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When a meter in connected to a circuit, it acts like a load with current going through it.
Meters with a high input impedance draw almost no current through the meter while testing a circuit. Multimeters have high input impedance (you can measure low voltage on logic circuits). They give precise measurements but may give a false voltage reading with photocells, dimmer switches, a poor connection, or parallel wires (voltage may be present, but not be able to operate a load).
Meters with a low input impedance draw a small amount of current through the meter while putting a small load on the circuit. You will get false readings on low voltage logic circuits with a low input impedance meter. Solenoid testers have low input impedance. They give approximate voltage measurements and accurate (but not precise) voltage reading with photocells, dimmer switches, or parallel wires. When a voltage is present, but not be able to operate a load, a solenoid tester will absorb the voltage and show there is no voltage.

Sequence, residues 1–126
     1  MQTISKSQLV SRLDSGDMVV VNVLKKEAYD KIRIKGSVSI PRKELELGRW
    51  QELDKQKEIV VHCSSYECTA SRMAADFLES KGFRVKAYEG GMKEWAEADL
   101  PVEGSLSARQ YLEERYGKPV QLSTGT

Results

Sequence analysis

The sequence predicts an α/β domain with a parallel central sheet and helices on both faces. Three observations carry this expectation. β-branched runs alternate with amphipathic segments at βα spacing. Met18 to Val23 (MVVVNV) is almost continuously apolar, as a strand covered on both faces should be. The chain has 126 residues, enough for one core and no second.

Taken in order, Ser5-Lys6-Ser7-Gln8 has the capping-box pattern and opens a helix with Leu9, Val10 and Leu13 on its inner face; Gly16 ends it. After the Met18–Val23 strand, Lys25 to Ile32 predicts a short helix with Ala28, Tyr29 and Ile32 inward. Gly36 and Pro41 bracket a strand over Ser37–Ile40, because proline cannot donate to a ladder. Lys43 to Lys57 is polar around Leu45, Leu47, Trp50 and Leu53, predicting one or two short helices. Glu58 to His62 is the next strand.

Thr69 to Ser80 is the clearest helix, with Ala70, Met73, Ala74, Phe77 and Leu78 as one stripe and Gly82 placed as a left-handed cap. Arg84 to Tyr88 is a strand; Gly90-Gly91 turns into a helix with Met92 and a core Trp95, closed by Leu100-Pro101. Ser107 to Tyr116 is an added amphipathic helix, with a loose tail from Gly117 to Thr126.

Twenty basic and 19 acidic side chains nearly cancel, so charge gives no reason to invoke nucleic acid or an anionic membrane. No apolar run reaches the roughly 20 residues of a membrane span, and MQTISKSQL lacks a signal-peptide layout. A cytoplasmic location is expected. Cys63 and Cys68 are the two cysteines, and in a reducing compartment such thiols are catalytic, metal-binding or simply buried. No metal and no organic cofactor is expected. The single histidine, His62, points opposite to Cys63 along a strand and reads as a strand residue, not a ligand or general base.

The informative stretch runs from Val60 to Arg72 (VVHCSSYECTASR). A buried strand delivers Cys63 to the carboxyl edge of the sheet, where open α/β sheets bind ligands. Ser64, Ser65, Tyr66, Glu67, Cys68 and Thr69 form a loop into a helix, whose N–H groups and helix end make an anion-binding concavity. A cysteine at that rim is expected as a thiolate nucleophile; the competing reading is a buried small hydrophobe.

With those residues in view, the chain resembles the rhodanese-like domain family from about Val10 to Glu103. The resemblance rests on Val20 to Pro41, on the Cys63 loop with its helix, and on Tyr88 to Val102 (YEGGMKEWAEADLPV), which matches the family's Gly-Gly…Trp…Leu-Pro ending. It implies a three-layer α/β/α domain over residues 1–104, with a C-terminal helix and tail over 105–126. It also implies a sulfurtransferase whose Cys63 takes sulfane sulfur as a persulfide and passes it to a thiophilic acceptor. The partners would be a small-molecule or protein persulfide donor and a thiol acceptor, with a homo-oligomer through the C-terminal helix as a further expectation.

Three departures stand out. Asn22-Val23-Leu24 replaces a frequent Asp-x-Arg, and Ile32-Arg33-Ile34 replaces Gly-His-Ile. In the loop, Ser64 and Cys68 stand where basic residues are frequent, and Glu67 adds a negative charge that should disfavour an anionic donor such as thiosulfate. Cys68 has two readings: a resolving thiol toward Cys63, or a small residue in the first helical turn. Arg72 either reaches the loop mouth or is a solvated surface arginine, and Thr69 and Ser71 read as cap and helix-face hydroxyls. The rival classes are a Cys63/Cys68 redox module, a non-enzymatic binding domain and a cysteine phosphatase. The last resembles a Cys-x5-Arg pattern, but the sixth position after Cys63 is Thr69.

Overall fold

The high input impedance multimeter below shows 48.2 volts on a 120 volts receptacle where power is turned off. This receptacle is fed by one of the hot wires of a 12-
The meter at left is measuring the voltage of the black wire with power shut off. The red wire that travels next to the black wire has power turned on.
The magnetic field from the red wire induces voltage to the black wire. This voltage is unable to supply a load or an electrical shock.
When measuring the output of certain photocells or dimmer switches with a high impedance multimeter, it may show a reading of 120 volts when they are turned off or have failed.
Meter connects to a receptacle that has power turned off.
Voltage induced from adjacent hot wire. 48.2 volts measured with high impedance multimeter.
0 volts measured with low impedance solenoid meter.
Magnetic field is present when a wire has voltage on it.